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When can you afford to retire?

August 6th, 2007 at 10:57 am

There are many retirement calculators available online, but it's interesting to look at the figures that pop out of a simple spreadsheet model to guage the effect of savings rate and return have on possible retirement age.

MODEL ASSUMPTIONS:

Start off retirement savings with $0 at age 20

Initially earn $30Kpa which increases 5%pa until hit $50K salary, then 1%pa increase until retirement

Retirement savings to be drawn down during retirement at 70% of final salary

Savings to last in retirement until death at age 85 - this is about the average lifespan for someone who has reached 65. The assumption being that you live long enough to retire!

Investment returns and salary rises are expressed as real, after-tax percentages. This avoids having to guess what inflation rate may apply.

No other retirement income aside from retirement savings eg. no government or company pension.

RESULTS: Table of possible retirement age where funds will last until death
SR = savings rate (% of salary put into retirement account each year)
ROI = avg return on investment

ROI --->
SR 3.0% 3.5% 4.0% 4.5% 5.0% 5.5%
8% 74 72 70 68 66 64
10% 72 70 67 65 63 61
12% 70 67 65 63 61 59
14% 68 65 63 61 59 57
16% 66 64 61 59 57 55
18% 64 62 60 58 56 54


CONCLUSIONS:

Early retirement before age 60 is a big ask - you either have to save a huge % of your salary, achieve a very high real return on your investments (which means higher risk of missing you target), or be willing to live on less than 70% of your pre-retirement income as a pensioner. To retire much before 60 you'd probably have to have other sources of wealth beside your retirement savings - such as a successful business or an inheritance.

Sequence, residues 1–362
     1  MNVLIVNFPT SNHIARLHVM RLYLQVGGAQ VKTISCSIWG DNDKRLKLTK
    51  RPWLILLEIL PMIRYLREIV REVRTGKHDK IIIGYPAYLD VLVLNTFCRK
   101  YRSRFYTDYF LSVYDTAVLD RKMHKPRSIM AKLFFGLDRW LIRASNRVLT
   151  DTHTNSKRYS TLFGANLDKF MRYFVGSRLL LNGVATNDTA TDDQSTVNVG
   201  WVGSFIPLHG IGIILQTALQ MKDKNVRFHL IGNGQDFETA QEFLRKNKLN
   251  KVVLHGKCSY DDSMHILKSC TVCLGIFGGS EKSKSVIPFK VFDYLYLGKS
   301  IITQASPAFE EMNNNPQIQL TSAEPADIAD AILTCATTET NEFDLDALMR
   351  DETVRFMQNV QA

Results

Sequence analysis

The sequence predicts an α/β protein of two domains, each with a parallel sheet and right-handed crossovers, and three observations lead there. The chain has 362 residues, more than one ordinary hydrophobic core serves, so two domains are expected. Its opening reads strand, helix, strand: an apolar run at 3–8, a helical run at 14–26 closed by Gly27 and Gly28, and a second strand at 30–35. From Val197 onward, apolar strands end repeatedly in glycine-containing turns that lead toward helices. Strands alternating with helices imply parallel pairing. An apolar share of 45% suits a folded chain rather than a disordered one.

Typical savings rates (10%-12%) and ROI (4%-4.5% real) result in a typical retirement age of 65

Investing too conservatively (3% ROI) or saving too little (8%) mean you couldn't afford to retire until your 70's if you want your retirement income to last until 85.

Copyright Enough Wealth 2007

3 Responses to “When can you afford to retire?”

  1. fern Says:

    Hey, Ralph, since you seem to enjoy crunching numbers in this way, what would you say to crunching MY numbers (current info on my blog page) to see if i could retire early? It would probably be interesting for readers here to see a real world example, just for fun.

  2. enoughwealth Says:

    There's not actually enough info available (eg. age: forty-something, income: non stated, risk-tolerance: unknown). You'd also need to state what inflation-adjusted, after-tax return you expect you retirement account to average from now until retirement (eg. if in domestic and foregn stock index funds and some bonds you might hope for around 4% real, after-tax return), and if you want your retirement income to last until 85 with no residual balance, and will keep your investment mix the same during retirement as you had while saving. It would also depend on whether you plan on using your non-retirement account investments to supplement your retirement income.

  3. fern Says:

    Let me answer those questions for you:

    age: 48.
    Income: Fluctuates a little, let's say $59K to be conservative.
    Risk tolerance: moderate
    As for expected return, I have about 80% now in moderate risk level stocks; balance in bonds and cash. I'd go with what you suggest.
    Would like retirement income to last til i'm 90 with no balance needed.
    Yes, i'm planning on depleting my non-retirement accounts first since they're taxable.
    While i'd like to retire early (age 60?) i would plan on working part-time for say 5 years, earning let's say $15K a year.
    I also will have no debt, no mortgage.

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